What’s Worth Learning in School?


Last winter Harvard Ed Magazine ran a piece about David Perkins’ new book “Future Wise.” Writer Lory Hough provides a look into the book and the professor.

“We teach a lot that isn’t going to matter, in a significant way, in students’ lives, writes Professor David Perkins in his new book, “Future Wise.” There’s also much we aren’t teaching that would be a better return on investment.

Professor David Perkins likes to tell this story: Indian leader Mahatma Gandhi was getting on a train. One of his sandals slipped off and fell to the ground. The train was moving, and there was no time to go back. Without hesitation, Gandhi took off his second sandal and threw it toward the first. Asked by his colleague why he did that, he said one sandal wouldn’t do him any good, but two would certainly help someone else.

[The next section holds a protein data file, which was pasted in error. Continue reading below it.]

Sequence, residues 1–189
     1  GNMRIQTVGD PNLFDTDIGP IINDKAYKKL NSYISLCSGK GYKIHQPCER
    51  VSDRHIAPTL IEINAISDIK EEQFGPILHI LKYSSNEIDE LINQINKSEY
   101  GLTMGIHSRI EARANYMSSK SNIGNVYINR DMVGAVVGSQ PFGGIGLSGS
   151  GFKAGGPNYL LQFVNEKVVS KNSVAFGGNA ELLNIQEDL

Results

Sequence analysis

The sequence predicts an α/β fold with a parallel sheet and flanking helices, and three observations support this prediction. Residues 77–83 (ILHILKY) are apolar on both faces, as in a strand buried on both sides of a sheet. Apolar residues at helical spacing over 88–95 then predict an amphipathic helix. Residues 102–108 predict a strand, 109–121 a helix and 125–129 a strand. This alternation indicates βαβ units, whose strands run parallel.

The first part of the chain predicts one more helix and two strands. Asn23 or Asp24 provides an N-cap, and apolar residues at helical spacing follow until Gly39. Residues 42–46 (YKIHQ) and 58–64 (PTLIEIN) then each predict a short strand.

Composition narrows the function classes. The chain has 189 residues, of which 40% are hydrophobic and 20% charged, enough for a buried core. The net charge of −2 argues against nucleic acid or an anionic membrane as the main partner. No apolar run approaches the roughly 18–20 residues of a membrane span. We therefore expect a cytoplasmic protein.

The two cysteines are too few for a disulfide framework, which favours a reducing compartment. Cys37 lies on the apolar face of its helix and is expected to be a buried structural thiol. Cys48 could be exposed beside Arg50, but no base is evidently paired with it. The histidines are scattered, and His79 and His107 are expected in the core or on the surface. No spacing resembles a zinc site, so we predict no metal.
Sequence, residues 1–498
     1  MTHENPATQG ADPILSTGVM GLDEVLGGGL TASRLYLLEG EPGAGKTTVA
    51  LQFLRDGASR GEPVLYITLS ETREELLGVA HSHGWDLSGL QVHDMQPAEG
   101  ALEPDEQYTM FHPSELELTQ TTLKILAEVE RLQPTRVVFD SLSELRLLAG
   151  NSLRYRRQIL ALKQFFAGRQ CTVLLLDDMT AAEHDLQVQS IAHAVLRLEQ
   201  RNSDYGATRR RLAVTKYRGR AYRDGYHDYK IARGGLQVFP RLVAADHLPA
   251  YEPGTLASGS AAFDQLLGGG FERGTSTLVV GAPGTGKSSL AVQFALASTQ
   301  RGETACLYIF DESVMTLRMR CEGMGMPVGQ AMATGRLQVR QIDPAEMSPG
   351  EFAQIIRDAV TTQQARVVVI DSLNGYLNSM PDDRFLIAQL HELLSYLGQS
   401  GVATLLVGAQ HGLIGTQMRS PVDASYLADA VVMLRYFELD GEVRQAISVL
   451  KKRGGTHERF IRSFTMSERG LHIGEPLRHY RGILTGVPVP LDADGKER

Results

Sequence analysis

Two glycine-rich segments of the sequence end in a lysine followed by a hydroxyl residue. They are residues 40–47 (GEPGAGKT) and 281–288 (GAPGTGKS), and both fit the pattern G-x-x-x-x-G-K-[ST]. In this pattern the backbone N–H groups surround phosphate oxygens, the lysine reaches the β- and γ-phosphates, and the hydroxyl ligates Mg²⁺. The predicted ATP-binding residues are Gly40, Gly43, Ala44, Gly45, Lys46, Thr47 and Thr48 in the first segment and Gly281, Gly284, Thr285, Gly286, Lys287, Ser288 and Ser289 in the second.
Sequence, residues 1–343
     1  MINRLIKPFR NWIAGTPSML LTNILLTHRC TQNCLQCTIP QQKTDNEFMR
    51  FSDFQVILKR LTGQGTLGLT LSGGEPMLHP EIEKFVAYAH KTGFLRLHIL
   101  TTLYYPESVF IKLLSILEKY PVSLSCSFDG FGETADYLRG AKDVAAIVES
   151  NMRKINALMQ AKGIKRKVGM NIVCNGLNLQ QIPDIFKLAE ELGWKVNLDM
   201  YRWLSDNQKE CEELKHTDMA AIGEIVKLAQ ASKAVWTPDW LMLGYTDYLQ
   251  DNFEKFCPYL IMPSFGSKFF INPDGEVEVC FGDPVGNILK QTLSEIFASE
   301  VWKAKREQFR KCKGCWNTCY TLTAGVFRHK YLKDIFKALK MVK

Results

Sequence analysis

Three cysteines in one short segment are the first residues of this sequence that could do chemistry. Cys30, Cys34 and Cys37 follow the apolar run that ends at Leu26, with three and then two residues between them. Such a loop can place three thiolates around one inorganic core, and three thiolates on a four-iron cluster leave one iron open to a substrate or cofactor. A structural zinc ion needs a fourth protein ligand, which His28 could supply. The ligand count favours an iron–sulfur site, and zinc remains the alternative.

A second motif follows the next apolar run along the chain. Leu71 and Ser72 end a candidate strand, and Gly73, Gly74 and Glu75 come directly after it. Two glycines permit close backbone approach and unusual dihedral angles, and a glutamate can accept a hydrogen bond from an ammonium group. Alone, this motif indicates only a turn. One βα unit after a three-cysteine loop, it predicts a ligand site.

…  By throwing that sandal, Gandhi had two important insights: He knew what people in the world needed, and he knew what to let go of.

Educators, Perkins says, need to embrace these same insights. They need to start asking themselves what he considers to be one of the most important questions in education: What’s worth learning in school?”  Read the entire piece here.

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